FCC Chairman Tom Wheeler took his defense of the FCC's Open Internet order to Silicon Valley Thursday, where he was pretty much preaching to the choir. He said it was the government's role to intervene when necessary to insure openness and access to networks, wired and wireless
According to the prepared text of a policy speech at the Computer History Museum in Mountain View, Calif., Wheeler tells his audience that it is "essential in the public interest of our country that the government, and by government I mean the FCC, have the power to oversee the broadband networks and to intervene to forestall their exploitation by unacceptable acts."
That comes as the a federal appeals court in D.C. is expected any time to rule on a challenge to the FCC's Open Internet order, and the FCC has to ponder what its next move will be if that order is invalidated or remanded back for repair.
"No one in the Valley needs to be convinced of the importance for innovation and overall societal welfare of our broadband networks," he said. "Keeping them open for any and all lawful uses is a major policy imperative."
Wheeler said there were three keys to openness, including case-by-case analysis of possible violations and insuring people can get "to" the network (deployment and availability) as well as getting "on" the network (nondiscriminatory access):
"First, I support the Commission’s Open Internet decision, which has helped preserve the Internet as an open platform for innovation and expression, and has increased certainty and predictability in the marketplace."
"Second, I support common law-like approaches to discerning the difference between appropriate and inappropriate broadband network conduct. In other words, the very general principles found in the Open Internet Order should be reduced to justiciable practices on the basis of facts arising from specific circumstances."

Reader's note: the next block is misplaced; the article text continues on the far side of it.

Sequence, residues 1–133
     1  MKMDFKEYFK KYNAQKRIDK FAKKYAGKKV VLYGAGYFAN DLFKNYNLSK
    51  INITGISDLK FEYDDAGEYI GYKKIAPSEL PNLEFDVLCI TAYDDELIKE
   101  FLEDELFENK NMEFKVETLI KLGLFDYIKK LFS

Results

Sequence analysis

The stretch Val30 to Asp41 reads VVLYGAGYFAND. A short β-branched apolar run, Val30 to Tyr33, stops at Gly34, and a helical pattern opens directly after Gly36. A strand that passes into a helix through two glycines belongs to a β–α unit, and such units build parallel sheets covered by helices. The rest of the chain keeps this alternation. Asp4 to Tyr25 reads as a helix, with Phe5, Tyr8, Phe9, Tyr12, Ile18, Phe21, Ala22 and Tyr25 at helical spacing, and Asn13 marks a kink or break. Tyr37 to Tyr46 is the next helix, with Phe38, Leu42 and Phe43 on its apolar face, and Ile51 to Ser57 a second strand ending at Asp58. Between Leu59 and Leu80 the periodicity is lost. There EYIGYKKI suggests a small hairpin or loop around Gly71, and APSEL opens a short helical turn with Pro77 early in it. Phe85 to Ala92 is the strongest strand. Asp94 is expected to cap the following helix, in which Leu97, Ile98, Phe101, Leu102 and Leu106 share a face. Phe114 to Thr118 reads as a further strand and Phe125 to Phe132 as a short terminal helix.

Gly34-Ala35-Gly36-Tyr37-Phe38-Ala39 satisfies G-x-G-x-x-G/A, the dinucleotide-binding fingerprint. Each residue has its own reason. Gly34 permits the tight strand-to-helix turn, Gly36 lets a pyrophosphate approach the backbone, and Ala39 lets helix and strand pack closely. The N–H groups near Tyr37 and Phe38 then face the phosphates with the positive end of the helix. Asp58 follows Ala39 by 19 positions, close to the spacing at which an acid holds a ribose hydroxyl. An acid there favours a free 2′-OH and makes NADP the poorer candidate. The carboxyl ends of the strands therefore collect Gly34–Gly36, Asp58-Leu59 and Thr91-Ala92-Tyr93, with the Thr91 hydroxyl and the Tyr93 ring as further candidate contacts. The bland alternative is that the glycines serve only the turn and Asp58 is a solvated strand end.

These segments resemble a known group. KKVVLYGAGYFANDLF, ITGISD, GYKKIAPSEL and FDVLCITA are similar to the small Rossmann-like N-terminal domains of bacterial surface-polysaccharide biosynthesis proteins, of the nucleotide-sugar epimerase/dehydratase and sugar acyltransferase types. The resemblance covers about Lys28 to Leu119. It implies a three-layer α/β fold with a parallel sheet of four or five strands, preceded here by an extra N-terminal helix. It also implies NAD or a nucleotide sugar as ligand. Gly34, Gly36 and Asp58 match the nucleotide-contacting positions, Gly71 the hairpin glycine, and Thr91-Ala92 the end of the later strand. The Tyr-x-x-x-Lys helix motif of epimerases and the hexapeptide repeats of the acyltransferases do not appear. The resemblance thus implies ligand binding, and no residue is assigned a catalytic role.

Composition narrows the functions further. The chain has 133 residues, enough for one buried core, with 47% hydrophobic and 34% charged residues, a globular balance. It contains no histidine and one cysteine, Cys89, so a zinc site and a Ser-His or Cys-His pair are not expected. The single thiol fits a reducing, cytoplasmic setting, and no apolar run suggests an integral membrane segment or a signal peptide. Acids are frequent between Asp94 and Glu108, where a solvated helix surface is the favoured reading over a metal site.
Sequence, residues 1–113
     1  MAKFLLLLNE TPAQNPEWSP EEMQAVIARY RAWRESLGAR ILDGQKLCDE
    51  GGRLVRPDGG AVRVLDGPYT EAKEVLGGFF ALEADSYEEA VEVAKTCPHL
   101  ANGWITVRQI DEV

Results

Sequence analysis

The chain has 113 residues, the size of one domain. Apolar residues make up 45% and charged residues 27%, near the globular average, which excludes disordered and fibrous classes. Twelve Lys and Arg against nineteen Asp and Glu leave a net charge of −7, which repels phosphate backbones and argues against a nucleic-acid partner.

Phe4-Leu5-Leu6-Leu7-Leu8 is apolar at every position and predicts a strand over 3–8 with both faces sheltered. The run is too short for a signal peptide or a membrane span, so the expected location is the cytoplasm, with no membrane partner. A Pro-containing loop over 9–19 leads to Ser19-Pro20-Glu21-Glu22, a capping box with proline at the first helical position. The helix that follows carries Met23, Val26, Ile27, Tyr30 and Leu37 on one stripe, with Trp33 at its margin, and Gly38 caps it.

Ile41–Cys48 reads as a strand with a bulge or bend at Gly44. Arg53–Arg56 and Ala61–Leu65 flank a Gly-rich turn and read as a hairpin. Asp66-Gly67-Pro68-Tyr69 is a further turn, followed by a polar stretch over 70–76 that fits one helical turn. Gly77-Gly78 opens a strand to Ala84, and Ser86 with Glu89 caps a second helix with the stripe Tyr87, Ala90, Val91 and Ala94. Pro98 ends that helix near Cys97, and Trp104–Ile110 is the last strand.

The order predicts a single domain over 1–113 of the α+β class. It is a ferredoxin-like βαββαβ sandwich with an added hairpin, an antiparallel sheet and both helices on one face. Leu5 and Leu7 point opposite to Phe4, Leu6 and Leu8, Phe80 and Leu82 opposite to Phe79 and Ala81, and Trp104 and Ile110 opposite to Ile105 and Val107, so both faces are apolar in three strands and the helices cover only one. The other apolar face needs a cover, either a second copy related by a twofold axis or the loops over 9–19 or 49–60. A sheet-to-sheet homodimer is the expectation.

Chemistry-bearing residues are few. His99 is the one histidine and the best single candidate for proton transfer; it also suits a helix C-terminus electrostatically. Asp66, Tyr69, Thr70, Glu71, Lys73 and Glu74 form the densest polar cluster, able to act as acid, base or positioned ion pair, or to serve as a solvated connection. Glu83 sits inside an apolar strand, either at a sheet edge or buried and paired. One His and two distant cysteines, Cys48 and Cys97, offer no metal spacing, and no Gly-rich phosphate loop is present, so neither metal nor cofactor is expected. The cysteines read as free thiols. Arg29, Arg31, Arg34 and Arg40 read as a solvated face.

"Third, the pursuit of legitimate private gain may not be sufficient to meet the national interest in the creation of robust broadband networks in all parts of America. That is not a failing of business, but it is, I think, a responsibility of government to assure that open access not only means getting on the network, but also getting to the network."
While he was on the subject of case-specific approaches, he weighed in on AT&T's announced plan to allow businesses and others to pay for their users broadband capacity and insure they do not exceed any usage limits—somewhat like an 800 number for broadband data service.
He pointed out that the Open Internet rules did not prevent such mobile broadband arrangements—the order applies primarily to fixed service.
"AT&T announced a mobile service offering that enables subscribing firms to cover the airtime costs of accessing their content," he said. "Based in part on the premise that consumers have more choices for mobile wireless service than for fixed, the Open Internet Order did not discourage this type of two-sided market for mobile uses. It also made clear, however, that the Commission would monitor these types of developments carefully."
Wheeler made clear he was going to fulfill that monitoring requirement and step in if need be.
"This seems to me to be the right approach. It may well be that the kind of offering AT&T has announced enables increased competition and increased efficiency—both things that benefit consumers. It is not the sort of thing that should be prohibited out of hand. But, again, history instructs us that not all new proposals have been benign. There has to be some ability on the part of government to oversee, to assess, and, if warranted, to intervene."
He told his audience they should think of his remarks as the "start of a dialogue."